The Jersey Law Commission recently delivered a consultation
paper entitled "Divorce Reform", which is refreshingly
straightforward and surprisingly comprehensive. In an area of law
in which the primary source of legislation dates from 1949, this
firm believes that the overhaul proposed by the paper is long
The overarching theme behind the changes put forward for
consideration by the Commission is the enablement of parties to a
marriage or civil partnership to be treated as responsible adults,
who can, not only determine how and when their marriage is to end,
but also agree in advance, subject to certain safeguards, the
financial provision which will be made for them on divorce or
dissolution of their relationship.
As to the potential changes to divorce itself, specifically, the
Commissioners propose that:
The current three year period during which parties must remain
married or in a civil partnership before presenting a Petition of
divorce or dissolution to the Court should be abolished. The
Commission is canvassing a change in legislation which will enable
parties to issue a divorce petition at any time after their
marriage or civil partnership.
"No fault" divorce should be introduced.
Lawyers should be required, as they already are in England and
Wales, actively to advise those considering divorce about
reconciliation. Proposed changes would also mean that the period of
one year's separation required by current legislation, before
proceedings on that ground can be commenced, should not preclude,
as it currently does, the parties spending even one night together
in an effort to explore reconciliation.
Welcome and significant recommendations have been put forward in
relation to the thorny issue of resolving financial disputes on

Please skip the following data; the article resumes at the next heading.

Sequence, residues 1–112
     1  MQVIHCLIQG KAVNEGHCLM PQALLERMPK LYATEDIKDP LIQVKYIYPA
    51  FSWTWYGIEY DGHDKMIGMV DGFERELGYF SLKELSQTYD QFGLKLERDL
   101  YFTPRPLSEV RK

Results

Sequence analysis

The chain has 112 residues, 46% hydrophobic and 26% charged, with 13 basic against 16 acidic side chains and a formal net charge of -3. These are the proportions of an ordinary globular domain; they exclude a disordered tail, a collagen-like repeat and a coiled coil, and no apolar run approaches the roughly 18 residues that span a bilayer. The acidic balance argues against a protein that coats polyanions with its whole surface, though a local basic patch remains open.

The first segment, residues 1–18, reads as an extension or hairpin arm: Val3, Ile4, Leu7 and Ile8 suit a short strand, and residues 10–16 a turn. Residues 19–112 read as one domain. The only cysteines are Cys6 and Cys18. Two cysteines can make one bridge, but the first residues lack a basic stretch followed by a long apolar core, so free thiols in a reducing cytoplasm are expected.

divorce or dissolution of a civil partnership. These include:
The introduction of legislation to enable the Court to set
aside financial dispositions intended to put assets beyond the
reach of a spouse or partner.
Statutory provision to enable the Court to make orders against
pensions, known in England and Wales as pension earmarking and
pension sharing orders.
A legislative presumption in favour of upholding the terms of
any pre-nuptial agreement, provided certain safeguards are in place
(see link to previous briefing note
The Commission also considers the role and importance of
alternative dispute resolution in family law, in particular
arbitration, mediation and collaborative law.
The legislative framework surrounding the dissolution of
marriage and civil partnerships is in urgent need of
The Royal Court has often closely followed developments in the
matrimonial law and practice in England and Wales, but Carey Olsen
believe the Commission's proposals, if implemented, would
create a modern divorce law which would offer this jurisdiction a
law in advance of its time, inasmuch as it would enable Jersey
residents, subject to safeguards, to have a far greater say in how
and when they divorce and manage the financial issues arising on
The Law Commission has invited responses to its consultation
paper by 31 March 2015.
Carey Olsen will report on legislative developments as and when
The content of this article is intended to provide a general
guide to the subject matter. Specialist advice should be sought
about your specific circumstances.
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My friend was married to a Muslim man and they had a daughter together before he divorced her. He recently passed away, leaving another daughter from his first wife, whom he divorced before marrying my friend.
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